March 2016:PDF and CSV

February 2016: PDF and CSV

January 2016: PDF and CSV

2015

December 2015: PDF and CSV

November 2015: PDF and CSV

October 2015: PDF and CSV

September 2015: PDF and CSV

August 2015: PDF and CSV

July 2015: PDF and CSV

June 2015: PDF and CSV

May 2015: PDF and CSV

April 2015: PDF and CSV

March 2015:PDF and CSV

February 2015: PDF and CSV

January 2015: PDF and CSV

2014

December 2014: PDF and CSV

November 2014: PDF and CSV

October 2014: PDF and CSV

September 2014: PDF and CSV

August 2014: PDF and CSV

July 2014: PDF and CSV

June 2014: PDF and CSV

May 2014: PDF and CSV

April 2014: PDF and CSV

March 2014: PDF and CSV

February 2014: PDF and CSV

January 2014: PDF and CSV

 

Value for money
As a public sector body accountable to the public for the way in which we procure goods, services and works, the Police service is  bound by stringent rules, regulations and codes of practice that determine how we go about demonstrating value for money (VfM) and best value for the public purse and as such we cannot just "choose" what we want to procure.

The rules we are bound by take two distinct paths - legislative and best practice.

The legislative requirements to which the police service must comply in relation to all their procurement related activities are vast but the principle ones are:

  • the Principles of the Treaty of Rome (EU Treaty) which embodies the requirement to ensure fair, open and transparent treatment of suppliers to allow the free trade of goods and services through Europe and the World Trade Organisations;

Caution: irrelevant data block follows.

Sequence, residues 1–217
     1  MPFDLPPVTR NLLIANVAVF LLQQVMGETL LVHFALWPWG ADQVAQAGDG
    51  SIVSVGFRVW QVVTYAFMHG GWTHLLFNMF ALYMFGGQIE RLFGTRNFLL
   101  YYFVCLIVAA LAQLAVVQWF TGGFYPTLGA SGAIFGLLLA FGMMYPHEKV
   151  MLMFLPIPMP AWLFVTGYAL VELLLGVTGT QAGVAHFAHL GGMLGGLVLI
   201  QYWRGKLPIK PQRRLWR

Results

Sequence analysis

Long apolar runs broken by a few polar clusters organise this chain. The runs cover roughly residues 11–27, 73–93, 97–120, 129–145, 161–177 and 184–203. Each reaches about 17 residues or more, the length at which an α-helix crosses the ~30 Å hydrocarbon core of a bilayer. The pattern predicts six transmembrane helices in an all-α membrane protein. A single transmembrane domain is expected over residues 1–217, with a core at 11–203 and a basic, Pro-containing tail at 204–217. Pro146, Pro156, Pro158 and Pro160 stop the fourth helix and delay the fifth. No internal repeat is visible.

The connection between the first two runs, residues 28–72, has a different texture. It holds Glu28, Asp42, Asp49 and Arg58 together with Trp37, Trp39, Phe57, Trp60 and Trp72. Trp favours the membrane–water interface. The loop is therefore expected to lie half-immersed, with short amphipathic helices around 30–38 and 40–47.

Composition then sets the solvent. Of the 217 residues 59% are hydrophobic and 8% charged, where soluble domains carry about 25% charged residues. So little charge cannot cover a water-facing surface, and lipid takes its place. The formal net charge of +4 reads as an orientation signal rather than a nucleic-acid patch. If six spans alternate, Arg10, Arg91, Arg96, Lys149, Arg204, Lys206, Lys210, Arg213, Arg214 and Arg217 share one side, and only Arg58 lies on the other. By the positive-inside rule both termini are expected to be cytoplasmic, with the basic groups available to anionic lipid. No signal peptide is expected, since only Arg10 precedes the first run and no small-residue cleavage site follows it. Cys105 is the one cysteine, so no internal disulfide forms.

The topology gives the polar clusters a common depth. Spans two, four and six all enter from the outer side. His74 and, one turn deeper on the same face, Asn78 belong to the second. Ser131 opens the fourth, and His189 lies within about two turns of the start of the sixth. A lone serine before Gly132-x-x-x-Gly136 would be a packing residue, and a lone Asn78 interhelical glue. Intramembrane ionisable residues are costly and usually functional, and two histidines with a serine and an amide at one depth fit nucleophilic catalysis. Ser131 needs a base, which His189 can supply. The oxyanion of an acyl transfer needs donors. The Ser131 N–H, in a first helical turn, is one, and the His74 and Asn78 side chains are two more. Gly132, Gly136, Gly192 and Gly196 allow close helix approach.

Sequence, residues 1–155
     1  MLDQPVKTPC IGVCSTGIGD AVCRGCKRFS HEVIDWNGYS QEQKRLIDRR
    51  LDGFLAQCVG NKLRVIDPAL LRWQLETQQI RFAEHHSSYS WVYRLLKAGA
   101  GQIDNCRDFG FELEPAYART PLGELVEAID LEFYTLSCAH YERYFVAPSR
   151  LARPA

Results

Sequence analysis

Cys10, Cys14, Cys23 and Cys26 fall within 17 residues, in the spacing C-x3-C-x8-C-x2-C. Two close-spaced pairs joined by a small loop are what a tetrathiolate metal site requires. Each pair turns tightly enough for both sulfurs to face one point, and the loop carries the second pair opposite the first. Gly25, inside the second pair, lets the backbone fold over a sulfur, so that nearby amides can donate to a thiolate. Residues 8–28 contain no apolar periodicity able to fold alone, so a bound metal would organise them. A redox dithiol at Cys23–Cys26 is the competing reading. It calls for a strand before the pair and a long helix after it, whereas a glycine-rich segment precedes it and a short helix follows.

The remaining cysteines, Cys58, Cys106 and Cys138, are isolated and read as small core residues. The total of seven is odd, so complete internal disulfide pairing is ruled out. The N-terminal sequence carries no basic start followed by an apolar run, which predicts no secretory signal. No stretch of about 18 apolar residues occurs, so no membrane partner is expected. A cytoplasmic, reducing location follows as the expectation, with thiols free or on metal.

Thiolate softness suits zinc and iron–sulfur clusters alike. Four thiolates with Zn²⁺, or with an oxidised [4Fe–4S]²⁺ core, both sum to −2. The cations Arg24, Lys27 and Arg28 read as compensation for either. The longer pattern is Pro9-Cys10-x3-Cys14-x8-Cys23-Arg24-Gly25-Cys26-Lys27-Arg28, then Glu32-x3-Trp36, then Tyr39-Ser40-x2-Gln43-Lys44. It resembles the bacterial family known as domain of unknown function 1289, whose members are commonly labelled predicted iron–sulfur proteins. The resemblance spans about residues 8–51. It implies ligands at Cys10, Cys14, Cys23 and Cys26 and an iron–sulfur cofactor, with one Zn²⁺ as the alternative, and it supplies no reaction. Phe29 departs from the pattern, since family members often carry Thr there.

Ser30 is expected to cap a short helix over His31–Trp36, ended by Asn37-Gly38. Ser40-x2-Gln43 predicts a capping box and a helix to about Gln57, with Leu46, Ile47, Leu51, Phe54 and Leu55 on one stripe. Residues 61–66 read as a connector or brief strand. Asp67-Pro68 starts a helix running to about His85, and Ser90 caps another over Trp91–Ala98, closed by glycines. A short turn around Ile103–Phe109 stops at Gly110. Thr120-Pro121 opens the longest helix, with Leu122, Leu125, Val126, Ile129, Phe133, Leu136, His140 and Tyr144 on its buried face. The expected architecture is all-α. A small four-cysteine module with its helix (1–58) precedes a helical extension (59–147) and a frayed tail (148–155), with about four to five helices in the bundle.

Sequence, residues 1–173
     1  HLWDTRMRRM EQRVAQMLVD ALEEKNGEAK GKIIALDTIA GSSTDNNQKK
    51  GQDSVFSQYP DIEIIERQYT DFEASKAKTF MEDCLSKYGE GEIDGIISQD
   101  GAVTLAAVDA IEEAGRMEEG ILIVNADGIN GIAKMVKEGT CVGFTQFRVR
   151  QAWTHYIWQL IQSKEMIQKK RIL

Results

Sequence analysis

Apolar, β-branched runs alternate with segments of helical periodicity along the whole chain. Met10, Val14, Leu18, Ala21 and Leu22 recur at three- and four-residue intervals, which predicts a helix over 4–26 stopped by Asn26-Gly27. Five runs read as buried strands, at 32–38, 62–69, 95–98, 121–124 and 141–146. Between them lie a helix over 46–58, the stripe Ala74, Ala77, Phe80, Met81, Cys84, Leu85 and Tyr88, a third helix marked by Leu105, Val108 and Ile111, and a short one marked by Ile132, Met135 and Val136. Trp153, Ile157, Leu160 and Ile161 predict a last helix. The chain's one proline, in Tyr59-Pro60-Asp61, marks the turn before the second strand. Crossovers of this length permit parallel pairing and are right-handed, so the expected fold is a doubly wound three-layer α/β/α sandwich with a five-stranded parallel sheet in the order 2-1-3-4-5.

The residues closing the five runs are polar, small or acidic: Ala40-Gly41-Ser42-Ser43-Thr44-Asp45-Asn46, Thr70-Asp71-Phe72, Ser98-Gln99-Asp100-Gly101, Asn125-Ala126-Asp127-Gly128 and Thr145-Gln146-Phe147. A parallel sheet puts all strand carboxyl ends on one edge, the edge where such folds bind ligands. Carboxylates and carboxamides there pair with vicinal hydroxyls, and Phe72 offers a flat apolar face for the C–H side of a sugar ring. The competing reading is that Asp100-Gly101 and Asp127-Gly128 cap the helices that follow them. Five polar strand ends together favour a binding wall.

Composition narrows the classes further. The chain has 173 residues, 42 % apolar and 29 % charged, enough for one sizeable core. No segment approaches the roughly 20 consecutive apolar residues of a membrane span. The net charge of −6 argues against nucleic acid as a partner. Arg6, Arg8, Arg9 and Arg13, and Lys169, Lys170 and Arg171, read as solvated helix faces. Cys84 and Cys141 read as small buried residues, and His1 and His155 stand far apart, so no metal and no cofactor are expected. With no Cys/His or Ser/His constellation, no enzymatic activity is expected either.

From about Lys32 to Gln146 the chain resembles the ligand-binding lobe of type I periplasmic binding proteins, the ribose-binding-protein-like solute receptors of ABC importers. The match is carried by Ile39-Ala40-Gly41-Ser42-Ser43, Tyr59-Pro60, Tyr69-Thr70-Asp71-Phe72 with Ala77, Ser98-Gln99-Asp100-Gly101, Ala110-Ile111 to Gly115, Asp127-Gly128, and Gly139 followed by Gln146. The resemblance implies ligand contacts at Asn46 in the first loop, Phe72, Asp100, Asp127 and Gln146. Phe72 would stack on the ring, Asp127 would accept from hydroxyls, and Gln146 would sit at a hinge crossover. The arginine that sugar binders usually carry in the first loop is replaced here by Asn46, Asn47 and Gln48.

• The EU procurement directive (and equivalent The UK Statutory Instrument) which dictates the rules that apply to procurement activities over a threshold value;
  • Contract standing orders (which form part of the Force's internal rules under national legislation (Local Government Act).

The best practice recommendations that also govern our approach are many with the key ones being:

  • the Byatt report recommendations that procurement professionals are integral to the delivery of best value within public bodies and so should be involved in all aspects of procurement for the OPCC and Force;
  • the Gershon review in relation to the delivery of the efficiency agenda;
  • National Audit Office reviews and guidelines;
  • Internal accountability at each stage of the process through reporting to and ratification by the assistant chief officers/directors of finance responsible for regional purchasing;
  • The Chartered Institute of Purchasing and Supply code of conduct which dictates the code of conduct for MCIPS qualified procurement professionals undertaking procurement related activities.

In order to ensure compliance with these and other aspects we have chosen to undertake our procurement related activities through the South West Police Procurement Department (SWPPD) which is staffed by teams that include MCIPS qualified procurement professionals who advise upon, manage and facilitate their spend related activities. In doing so the SWPPD determine the best approach to the market and undertake fair and open tender processes that ensure whole life costing, and requirements management approaches are applied to determine the best value option for the force, taking account of the entire life cycle of the purchase.

As a result of this, all our activities are undertaken through either full market approach tender processes or mini-competitions run via compliant framework agreements from the Home Office, or other compliant bodies, in order to deliver best value to the public.

On an annual basis, the PCC and chief constable’s external auditors are required under Section 5 of the Audit Commission Act 1998 to satisfy themselves that proper arrangements are in place for securing economy, efficiency, and effectiveness in the PCC and chief constable’s use of resources.